New publication in American Journal of Physiology Gastrointestinal and Liver on the MOA and PoC for ILP100-Oral in multiple models of colitis


Oral administration of CXCL12-expressing Limosilactobacillus reuteri improves colitis by local immunomodulatory actions in preclinical models


Treatments of colitis, inflammation of the intestine, is today relying on induction of immune suppression associated with systemic adverse events including recurrent infections. This treatment strategy is specifically problematic in the increasing population of cancer patients with immune checkpoint inhibitor (ICI)-induced colitis, as immune suppression also interferes with the ICI-treatment response. Thus, there is a need for local-acting treatments which reduce inflammation and enhance intestinal healing. Here, we investigated the effect and safety of bacterial delivery of short-lived immunomodulating chemokines to the inflamed intestine in mice with colitis. Colitis was induced by DSS alone or in combination with ICI (anti-PD1, anti-CTLA-4) and L. reuteri R2LC genetically modified to express the chemokine CXCL12-1α (R2LC_CXCL12, emilimogene sigulactibac) was given perorally. In addition, pharmacology and safety of the formulated drug candidate, ILP100-Oral, was evaluated in rabbits. Peroral CXCL12-producing L. reuteri R2LC significantly improved colitis symptoms already after 2 days in mice with overt DSS and ICI-induced colitis, which in benchmarking experiments was demonstrated to be superior to treatments with anti-TNF-α, anti-α4ꞵ7 and corticosteroids. The mechanism of action involved chemokine delivery to Peyer´s Patches (PPs), confirmed by local CXCR4 signaling, and increased numbers of colonic, regulatory immune cells expressing IL-10 and TGF-β1. No systemic exposure or engraftment could be detected in mice, and product feasibility, pharmacology and safety were confirmed in rabbits. In conclusion, peroral CXCL12-producing L. reuteri R2LC efficiently ameliorates colitis and enhances mucosal healing, and has a favorable safety profile.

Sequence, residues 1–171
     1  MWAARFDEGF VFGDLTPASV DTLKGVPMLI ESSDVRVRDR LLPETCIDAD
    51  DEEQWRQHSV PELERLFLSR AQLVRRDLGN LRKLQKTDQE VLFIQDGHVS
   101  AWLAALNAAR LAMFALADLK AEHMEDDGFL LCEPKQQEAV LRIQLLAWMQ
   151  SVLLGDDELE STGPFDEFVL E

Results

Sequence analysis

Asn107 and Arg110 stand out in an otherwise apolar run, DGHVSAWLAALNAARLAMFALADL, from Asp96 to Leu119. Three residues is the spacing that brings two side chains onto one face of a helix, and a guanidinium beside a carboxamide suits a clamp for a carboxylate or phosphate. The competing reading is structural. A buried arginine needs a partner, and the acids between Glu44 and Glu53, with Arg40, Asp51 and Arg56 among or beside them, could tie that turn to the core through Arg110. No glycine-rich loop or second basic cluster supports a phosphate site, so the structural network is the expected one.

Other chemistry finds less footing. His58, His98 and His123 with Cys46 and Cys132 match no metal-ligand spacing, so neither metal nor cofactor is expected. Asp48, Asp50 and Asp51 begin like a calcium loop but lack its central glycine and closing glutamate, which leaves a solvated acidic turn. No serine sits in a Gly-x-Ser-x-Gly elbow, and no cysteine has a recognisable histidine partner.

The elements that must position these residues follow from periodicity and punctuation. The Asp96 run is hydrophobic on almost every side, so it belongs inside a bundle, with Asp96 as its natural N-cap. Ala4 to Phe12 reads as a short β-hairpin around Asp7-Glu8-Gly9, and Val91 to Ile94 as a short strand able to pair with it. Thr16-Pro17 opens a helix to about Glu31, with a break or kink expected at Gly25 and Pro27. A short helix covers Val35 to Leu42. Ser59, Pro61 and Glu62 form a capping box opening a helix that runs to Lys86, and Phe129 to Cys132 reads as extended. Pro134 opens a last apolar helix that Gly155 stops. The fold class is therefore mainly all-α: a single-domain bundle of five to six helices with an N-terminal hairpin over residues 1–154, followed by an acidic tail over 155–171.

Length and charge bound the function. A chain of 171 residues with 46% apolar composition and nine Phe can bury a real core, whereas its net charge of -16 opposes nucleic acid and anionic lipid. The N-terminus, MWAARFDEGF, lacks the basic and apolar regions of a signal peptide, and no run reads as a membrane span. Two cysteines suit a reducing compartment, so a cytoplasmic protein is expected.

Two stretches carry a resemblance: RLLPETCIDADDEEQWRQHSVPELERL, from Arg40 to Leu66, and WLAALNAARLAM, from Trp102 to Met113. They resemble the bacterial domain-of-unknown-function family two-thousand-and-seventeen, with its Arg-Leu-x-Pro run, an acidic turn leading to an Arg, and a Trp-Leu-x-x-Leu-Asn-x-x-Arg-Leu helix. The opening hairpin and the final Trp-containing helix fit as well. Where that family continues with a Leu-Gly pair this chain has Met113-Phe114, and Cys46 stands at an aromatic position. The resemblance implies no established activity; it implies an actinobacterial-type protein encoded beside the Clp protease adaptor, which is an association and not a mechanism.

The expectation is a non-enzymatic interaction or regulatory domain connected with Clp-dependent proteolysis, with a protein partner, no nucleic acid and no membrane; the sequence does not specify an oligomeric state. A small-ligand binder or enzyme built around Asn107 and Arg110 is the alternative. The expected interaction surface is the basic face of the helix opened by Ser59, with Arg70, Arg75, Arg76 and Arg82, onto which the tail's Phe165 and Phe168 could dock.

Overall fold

Link to publication (open access shortly): https://journals.physiology.org/doi/epdf/10.1152/ajpgi.00022.2024